I'm not asking for a solution, as there's actually no problem to solve. I'm trying to figure out why the compiler would allocate 4k+ more space when initializing a variable vs. not initializing it, and only inside a case block.

Still, I don't see the need to be so snarky about someone simply asking a question.

You haven't posted ALL your code, so no one has a clue what the real problem is.

But what could cause a scenario like this?

From reply #3:

It is possible that some rearrangement you made caused the compiler to (correctly) optimize away a bunch of "dead code".

"dead" = unused

Please explain how it is possible that code "runs fine", when you have not uploaded it.

It's not even running on the Nano at this point, I haven't even uploaded it. The code runs fine, BTW under both scenarios.

jremington: It is possible that some rearrangement you made caused the compiler to (correctly) optimize away a bunch of "dead code".

Yeah, I get that. But first, there is no dead code.

Second, assuming there is dead code how can simply adding a "=0" to a variable declaration optimize out 4k of said dead code?

switch(cmd-0) {
  case 'g':     
    unsigned int cnt=0;
    ...
    break;
...
}

Unless g is the last case, your code is not legal.
If you turn up compiler warning, it will tell you that.

What specifically is the cnt variable used for? declaring variables inside switch..case statements is highly problematic to begin with, and without seeing how the variable is used its impossible to make any useful comments on why the compiler is behaving as it does.

arduino_new:

switch(cmd-0) {

case ‘g’:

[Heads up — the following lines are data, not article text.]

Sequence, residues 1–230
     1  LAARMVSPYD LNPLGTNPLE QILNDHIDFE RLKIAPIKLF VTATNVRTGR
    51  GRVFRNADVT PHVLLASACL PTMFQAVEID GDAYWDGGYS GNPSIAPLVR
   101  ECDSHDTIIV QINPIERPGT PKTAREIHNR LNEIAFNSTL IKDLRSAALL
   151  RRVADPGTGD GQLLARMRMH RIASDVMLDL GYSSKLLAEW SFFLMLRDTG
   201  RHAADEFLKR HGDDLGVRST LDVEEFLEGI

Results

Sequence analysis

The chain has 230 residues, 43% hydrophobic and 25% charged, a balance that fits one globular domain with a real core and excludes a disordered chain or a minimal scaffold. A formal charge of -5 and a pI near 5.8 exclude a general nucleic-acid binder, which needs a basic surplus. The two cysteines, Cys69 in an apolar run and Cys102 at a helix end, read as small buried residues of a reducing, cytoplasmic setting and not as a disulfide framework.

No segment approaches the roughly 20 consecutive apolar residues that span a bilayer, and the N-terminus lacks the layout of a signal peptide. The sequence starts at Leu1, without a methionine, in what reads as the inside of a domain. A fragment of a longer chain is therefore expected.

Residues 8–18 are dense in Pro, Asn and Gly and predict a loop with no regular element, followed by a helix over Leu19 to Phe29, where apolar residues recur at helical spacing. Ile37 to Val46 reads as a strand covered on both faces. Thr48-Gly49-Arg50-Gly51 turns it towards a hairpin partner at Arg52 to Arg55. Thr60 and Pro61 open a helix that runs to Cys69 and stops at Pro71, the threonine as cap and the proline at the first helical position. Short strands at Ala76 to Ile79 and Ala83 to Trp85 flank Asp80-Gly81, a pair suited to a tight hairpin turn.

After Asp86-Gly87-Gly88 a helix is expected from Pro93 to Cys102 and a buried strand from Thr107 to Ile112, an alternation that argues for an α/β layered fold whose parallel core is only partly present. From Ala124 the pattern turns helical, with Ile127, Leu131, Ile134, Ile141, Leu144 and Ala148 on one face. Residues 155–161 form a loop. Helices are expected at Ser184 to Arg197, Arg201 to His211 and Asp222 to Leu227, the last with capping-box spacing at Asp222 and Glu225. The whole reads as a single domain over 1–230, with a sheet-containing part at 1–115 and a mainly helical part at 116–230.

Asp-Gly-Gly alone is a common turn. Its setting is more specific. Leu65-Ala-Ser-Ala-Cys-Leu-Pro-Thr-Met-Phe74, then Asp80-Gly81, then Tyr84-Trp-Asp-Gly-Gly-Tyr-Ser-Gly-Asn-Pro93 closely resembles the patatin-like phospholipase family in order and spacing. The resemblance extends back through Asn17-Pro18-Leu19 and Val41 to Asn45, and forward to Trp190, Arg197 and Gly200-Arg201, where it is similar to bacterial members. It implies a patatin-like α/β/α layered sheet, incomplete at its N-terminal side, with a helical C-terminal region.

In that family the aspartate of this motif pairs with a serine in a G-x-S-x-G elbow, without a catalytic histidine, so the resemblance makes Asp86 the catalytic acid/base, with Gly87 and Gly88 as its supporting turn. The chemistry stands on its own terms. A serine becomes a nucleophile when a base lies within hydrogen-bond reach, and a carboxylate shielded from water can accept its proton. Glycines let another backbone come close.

unsigned int cnt=0;
   …
   break;

}



Unless *g* is the last case, your code is not legal.
If you turn up compiler warning, it will tell you that.

Thanks for your reply. ‘g’ is not the last case, and I’m not getting any compiler warnings to that effect. Can you please elaborate what’s not legal?

For the switch statement in my code, I’m following the syntax on this page: https://www.arduino.cc/en/Tutorial/switchCase :

switch (range) {
    case 0:    // your hand is on the sensor
      Serial.println("dark");
      break;
    case 1:    // your hand is close to the sensor
      Serial.println("dim");
      break;
    case 2:    // your hand is a few inches from the sensor
      Serial.println("medium");
      break;
    case 3:    // your hand is nowhere near the sensor
      Serial.println("bright");
      break;
  }

david_2018:
What specifically is the cnt variable used for? declaring variables inside switch…case statements is highly problematic to begin with, and without seeing how the variable is used its impossible to make any useful comments on why the compiler is behaving as it does.

Just a simple counter. I’m dumping 100 lines of raw GPS data stream:

    while (cnt < 100) {
      if (GPSSerial.available() > 0) {
        char c = GPSSerial.read();
        if (c == '

) cnt++; // counts the number of GPS lines printed
        if (c == ’


 and cnt % 10 == 0) {  // every ten lines print an error summary
          Serial.println();
          Serial.print(F("Count: "));
          Serial.print(cnt);
          Serial.print(F("\t FailCS:"));
          Serial.println((float)gps.failedChecksum());
        }
        Serial.write(c);
      }
    }

Ok, I'm now getting a warning " crosses initialization of 'unsigned int cnt' unsigned int cnt=0;"

If I put the "unsigned int cnt=0;" declaration outside of the case statement, it uses up 4k more memory.

If I add {} blocks around each case statement to create scope, and put the "unsigned int cnt=0;" inside the case block {}, it adds 4k memory.

Only when I don't have {} scope around the case block and put the declaration inside the case block (without scoping it), then I get 4k memory savings, but compiler warnings.

Code still runs fine either way, though.

So I'm still investigating. Stay tuned.

arduino_new: switch(cmd-0) {  case 'g':        unsigned int cnt=0;    ...    break; ... }

Unless g is the last case, your code is not legal. If you turn up compiler warning, it will tell you that.

Ok, thanks to @arduino_new, this allowed me to better locate the problem. This was in fact the crux of the case. Thank you.

It now allows me to better formulate the question.